MGM Dented by Multiple Downgrades as Analysts See Limited Near-Term Growth Opportunities

Posted on: May 21, 2020, 11:00h. 

Last updated on: May 21, 2020, 12:34h.

Shares of MGM Resorts International (NYSE:MGM) are trading lower Thursday, as the stock contends with several new sell-side assessments, none of which are enthusiastic.

MGM Suffers Sell-Side Blues
Three analysts chimed in on MGM stock today and none are excited about the name. (Image: CNBC)

Today’s analyst action on MGM stock includes two downgrades and a resumption of coverage from Credit Suisse with a tepid “neutral” rating. In restarting coverage of shares of the Bellagio operator, analyst Ben Combes slashed the bank’s price target on the casino stock to $15 from $34, expressing a preference for rival Las Vegas Sands (NYSE:LVS). That forecast is below the $16 handle MGM stock sports at this writing.

Bank of America is similarly gloomy on the name, downgrading it to “underperform” from “neutral,” citing what’s likely to be a long road back for Las Vegas following the COVID-19 pandemic. MGM is the largest operator on the Strip.

While now the cycle is over, we believe that the Strip faces a long recovery ahead given 1) its reliance on air travel, 2) a lack of hotel and citywide compression from groups, conventions and large scale events, 3) high price transparency/low pricing power exacerbated by an over-reliance on OTAs and 4) comparatively high fixed costs and operating leverage,” said Bank of America in a client note.

Analysts are almost universally expressing preferences for gaming companies with major Macau footprints, such as LVS, or regional operators over those relying on the Strip for the bulk of revenue. That thesis is rooted in the notion that gamblers, although eager to return to the tables and slots, aren’t anxious to get on planes to fly to Las Vegas and are more likely to go casinos that are within driving distance of their homes.

Other Issues

Bank of America notes that on the Strip, MGM is more dependent on room revenue than Caesars Entertainment (NASDAQ:CZR), which is problematic for the Mirage operator, because only a few of its 10 venues will be part of the initial reopening.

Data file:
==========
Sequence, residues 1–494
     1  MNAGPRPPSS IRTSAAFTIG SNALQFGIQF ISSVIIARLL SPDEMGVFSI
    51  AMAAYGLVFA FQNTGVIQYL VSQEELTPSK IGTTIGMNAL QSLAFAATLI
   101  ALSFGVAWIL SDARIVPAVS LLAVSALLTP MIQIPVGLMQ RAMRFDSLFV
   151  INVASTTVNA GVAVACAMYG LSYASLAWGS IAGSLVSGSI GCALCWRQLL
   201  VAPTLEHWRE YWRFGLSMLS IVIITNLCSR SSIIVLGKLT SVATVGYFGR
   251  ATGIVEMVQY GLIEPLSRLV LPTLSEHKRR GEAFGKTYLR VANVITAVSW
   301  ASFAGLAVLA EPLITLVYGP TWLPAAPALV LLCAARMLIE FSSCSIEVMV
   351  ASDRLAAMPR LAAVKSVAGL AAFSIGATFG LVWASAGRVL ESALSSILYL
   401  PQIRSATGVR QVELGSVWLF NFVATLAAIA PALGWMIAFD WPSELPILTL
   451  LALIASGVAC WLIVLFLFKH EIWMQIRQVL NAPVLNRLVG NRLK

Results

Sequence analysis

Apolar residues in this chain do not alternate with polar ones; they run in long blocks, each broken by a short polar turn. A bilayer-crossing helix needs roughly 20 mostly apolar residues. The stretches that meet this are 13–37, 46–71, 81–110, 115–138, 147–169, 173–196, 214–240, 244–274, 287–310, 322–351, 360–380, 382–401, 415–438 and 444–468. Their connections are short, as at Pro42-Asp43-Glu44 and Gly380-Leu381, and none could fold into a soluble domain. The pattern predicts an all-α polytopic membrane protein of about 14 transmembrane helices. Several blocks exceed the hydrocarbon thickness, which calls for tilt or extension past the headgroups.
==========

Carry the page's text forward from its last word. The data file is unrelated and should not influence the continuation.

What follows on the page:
“In Las Vegas, MGM is more reliant on its room revenues and less reliant on the casino block than CZR, while it will likely face strong competition on the high-end from smaller footprint/well-capitalized competitors like WYNN and LVS,” said the bank.

Bank of America is, however, bullish on MGM’s landlord: MGM Growth Properties (NYSE: MGP). The research firm lifted its rating on the real estate company to “buy” from “neutral,” citing strong tenant liquidity.

The bank adds that as MGM reduces its stake in the real estate investment trust (REIT), something it did earlier this week, MGP will attract a broader base of investors.

More Bearish Chatter

Jefferies analyst David Katz accounted for one of the two MGM downgrades today, lowering his rating on the stock to “hold” from “buy” while paring his price forecast to $17 from $22.

Katz said that with markets already having priced in the presence of activist investors involved with the stock and monetization of nearly all the operator’s Las Vegas property assets, there aren’t many near-term catalysts left to spark MGM stock higher.

The analyst is forecasting a narrow trading range for the shares over the coming months.